ZANU PF dismisses landmark SA order to probe Zim torture

via ZANU PF dismisses landmark SA order to probe Zim torture | SW Radio Africa by Alex Bell  November 28, 2013

ZANU PF has moved to dismiss as a “non-event” and an “unfortunate development” South Africa’s decision to uphold a landmark ruling, which compels that country’s prosecuting authorities to investigate crimes against humanity committed in Zimbabwe.

The Supreme Court of Appeal in South Africa on Wednesday upheld the order previously handed down by the North Gauteng High Court, which ruled that the country’s prosecuting authorities had a duty to investigate crimes against humanity, even if those crimes were committed outside South Africa’s borders.

The ruling came after the National Prosecuting Authority (NPA) and police refused to investigate a dossier detailing the torture of MDC activists in 2007 at the hands of ZANU PF perpetrators who, according to the document, travel frequently to South Africa.

The dossier implicates 18 ZANU PF officials and military generals in torture and human rights abuses, after a violent raid on the MDC’s offices. More than 100 people were taken into custody, including people who were working nearby. MDC linked individuals were detained in police custody for several days where they were continuously tortured, facing mock executions, waterboarding and the use of electric shocks.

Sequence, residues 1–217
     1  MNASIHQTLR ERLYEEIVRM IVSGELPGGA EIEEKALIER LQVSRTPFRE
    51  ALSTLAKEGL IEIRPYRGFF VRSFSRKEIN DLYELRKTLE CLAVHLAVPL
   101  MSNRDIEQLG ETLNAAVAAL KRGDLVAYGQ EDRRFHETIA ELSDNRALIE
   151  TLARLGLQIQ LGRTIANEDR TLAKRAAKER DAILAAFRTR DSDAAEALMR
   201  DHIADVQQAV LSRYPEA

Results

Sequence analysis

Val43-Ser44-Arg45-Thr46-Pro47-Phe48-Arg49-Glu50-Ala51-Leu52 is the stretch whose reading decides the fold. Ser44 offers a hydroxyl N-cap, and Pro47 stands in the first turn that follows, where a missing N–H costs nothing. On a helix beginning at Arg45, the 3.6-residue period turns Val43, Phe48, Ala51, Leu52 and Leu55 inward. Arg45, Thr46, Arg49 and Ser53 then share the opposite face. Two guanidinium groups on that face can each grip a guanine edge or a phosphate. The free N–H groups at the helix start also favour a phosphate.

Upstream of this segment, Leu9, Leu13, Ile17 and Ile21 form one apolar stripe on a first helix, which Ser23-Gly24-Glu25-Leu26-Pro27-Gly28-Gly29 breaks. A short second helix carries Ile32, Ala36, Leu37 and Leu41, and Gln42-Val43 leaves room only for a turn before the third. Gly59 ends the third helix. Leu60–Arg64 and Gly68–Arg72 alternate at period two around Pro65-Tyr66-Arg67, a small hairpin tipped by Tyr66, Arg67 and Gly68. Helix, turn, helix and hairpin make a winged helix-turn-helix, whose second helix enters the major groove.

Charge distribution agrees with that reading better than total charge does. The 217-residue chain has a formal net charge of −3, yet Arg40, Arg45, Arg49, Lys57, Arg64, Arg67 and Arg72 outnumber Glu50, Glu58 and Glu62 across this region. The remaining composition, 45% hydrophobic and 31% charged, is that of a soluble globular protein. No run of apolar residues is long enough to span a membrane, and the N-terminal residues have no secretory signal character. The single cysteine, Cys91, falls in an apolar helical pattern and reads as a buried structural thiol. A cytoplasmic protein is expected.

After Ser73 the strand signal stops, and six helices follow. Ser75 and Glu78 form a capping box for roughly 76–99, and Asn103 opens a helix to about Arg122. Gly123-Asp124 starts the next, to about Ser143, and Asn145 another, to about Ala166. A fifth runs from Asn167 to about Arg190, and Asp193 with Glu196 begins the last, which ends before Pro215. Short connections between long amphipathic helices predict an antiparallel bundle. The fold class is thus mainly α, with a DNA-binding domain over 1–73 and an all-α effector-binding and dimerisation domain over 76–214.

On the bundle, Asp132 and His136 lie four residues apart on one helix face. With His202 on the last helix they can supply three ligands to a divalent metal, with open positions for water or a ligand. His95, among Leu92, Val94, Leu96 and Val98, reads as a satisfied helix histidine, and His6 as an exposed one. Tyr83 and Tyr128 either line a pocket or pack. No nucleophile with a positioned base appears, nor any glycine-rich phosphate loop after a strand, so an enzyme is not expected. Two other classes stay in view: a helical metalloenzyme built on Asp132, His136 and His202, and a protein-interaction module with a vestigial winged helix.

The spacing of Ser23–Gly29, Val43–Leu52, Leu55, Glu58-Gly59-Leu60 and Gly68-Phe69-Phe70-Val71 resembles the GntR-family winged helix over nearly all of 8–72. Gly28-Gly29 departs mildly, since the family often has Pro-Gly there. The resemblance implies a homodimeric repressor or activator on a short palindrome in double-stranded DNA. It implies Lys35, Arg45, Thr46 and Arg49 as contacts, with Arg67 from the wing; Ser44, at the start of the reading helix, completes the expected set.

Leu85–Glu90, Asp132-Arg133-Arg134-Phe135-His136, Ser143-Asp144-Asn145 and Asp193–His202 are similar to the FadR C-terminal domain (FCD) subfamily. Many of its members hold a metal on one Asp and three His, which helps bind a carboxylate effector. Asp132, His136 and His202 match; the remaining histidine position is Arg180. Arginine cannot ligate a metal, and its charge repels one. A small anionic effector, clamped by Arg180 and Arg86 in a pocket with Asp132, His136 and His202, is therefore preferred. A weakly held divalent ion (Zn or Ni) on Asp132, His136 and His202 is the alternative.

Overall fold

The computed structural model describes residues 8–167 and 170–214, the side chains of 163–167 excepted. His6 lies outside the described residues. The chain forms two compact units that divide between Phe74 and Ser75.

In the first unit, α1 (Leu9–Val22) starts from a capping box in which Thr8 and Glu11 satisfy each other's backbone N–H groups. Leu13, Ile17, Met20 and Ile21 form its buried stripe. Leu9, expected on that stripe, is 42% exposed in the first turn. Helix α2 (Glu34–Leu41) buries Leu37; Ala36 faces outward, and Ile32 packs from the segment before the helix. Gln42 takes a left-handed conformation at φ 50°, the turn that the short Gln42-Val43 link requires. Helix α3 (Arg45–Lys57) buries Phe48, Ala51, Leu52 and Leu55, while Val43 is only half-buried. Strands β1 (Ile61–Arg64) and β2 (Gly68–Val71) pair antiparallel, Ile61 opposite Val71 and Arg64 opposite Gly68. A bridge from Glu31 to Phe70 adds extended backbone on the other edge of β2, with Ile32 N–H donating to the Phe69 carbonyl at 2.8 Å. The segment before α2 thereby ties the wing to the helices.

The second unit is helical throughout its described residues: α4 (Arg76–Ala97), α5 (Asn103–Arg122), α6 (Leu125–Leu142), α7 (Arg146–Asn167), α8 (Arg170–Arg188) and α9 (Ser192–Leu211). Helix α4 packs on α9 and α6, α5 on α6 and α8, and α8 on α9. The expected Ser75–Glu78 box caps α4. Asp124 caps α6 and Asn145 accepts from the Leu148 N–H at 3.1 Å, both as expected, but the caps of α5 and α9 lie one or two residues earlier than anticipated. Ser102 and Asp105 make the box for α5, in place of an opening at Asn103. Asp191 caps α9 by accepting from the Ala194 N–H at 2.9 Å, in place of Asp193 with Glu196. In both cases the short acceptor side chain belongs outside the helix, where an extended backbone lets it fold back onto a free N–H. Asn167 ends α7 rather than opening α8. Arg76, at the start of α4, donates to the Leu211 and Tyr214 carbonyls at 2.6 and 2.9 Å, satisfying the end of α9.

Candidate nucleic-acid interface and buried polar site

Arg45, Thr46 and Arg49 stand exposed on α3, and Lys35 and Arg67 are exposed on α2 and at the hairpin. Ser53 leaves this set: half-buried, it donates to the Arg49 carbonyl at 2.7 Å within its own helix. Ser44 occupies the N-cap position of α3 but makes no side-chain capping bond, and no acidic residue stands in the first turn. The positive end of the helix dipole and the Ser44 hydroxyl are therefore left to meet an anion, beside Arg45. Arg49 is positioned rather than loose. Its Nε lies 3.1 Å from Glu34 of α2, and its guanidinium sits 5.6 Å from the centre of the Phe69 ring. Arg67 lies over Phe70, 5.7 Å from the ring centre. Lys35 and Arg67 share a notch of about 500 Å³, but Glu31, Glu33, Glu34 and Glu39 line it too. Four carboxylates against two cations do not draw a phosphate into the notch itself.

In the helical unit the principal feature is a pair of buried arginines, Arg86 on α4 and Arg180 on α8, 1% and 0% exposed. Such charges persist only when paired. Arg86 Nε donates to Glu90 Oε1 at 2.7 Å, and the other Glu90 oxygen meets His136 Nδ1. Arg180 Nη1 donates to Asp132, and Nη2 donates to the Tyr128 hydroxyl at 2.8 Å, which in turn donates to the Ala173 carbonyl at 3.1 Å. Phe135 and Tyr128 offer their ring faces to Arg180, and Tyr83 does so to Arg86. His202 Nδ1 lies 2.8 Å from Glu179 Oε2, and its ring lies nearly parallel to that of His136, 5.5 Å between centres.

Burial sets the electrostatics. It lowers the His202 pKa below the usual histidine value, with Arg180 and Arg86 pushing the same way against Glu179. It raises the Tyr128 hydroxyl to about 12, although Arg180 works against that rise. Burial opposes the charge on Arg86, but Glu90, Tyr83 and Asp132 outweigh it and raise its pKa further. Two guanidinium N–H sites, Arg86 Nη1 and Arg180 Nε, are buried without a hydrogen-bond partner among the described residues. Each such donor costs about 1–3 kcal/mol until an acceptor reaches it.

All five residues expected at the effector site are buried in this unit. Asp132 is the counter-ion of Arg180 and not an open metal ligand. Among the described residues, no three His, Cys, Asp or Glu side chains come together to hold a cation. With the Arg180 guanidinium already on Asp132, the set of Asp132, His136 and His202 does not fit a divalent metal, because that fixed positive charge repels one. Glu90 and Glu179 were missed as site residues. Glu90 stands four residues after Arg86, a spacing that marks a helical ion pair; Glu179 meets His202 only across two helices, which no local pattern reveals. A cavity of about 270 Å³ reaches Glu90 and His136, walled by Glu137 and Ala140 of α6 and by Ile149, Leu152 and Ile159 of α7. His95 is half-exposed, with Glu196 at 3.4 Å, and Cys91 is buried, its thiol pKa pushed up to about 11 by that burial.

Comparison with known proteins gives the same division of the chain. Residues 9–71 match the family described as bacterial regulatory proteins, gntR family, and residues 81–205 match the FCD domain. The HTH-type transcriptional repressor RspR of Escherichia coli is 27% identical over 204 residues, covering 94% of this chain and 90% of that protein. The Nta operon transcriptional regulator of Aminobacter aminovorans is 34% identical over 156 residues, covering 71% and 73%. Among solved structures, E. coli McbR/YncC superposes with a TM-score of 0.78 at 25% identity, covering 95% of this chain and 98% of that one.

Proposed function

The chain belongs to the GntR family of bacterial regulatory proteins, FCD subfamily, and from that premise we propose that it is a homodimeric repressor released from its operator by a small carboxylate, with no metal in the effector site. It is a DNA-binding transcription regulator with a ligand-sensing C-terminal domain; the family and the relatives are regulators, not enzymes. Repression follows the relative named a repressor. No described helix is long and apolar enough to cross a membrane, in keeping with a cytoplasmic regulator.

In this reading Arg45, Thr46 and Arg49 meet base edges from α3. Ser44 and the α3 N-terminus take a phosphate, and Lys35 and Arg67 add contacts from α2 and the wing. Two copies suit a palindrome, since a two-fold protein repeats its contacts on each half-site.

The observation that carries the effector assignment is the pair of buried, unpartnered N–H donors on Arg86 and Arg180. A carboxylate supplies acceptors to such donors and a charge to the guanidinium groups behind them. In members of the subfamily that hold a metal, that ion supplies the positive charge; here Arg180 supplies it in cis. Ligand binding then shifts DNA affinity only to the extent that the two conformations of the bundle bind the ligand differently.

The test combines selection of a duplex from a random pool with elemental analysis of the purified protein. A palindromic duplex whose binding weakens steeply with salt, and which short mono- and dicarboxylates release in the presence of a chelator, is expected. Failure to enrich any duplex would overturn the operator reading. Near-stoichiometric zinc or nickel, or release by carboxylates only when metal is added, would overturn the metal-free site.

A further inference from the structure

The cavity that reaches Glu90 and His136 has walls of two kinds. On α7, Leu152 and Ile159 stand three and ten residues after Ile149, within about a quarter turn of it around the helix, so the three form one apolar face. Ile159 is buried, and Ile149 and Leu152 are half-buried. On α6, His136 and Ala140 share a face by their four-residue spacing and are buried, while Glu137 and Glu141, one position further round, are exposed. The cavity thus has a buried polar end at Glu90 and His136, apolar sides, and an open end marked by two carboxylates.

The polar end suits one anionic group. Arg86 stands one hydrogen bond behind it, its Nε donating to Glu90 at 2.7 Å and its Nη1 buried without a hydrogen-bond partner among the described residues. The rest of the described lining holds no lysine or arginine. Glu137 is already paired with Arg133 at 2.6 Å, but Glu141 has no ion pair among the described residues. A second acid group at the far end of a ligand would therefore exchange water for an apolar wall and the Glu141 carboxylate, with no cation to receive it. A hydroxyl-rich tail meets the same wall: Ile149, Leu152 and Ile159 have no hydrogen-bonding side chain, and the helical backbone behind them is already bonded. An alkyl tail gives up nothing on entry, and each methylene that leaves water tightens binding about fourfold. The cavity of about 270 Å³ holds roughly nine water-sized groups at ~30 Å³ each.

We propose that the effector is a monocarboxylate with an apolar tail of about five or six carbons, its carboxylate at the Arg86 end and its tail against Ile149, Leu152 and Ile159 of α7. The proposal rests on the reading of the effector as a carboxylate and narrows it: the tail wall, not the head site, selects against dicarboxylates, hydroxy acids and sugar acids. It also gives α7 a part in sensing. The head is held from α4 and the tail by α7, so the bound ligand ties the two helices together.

Some of the victims fled to South Africa and a year later the dossier detailing the torture was submitted to the NPA by the Zimbabwe Exiles Forum and the Southern African Litigation Centre.

The prosecuting authorities refused to take the matter further, resulting in the legal battle to try and force an investigation. The North Gauteng High Court then ruled last year that the authorities had a duty to probe allegations of torture as required by the Rome Statute, which South Africa is a signatory to. The Statute is the foundation for the International Criminal Court and as a signatory, South Africa is committed to investigate and prosecute perpetrators of serious international crimes.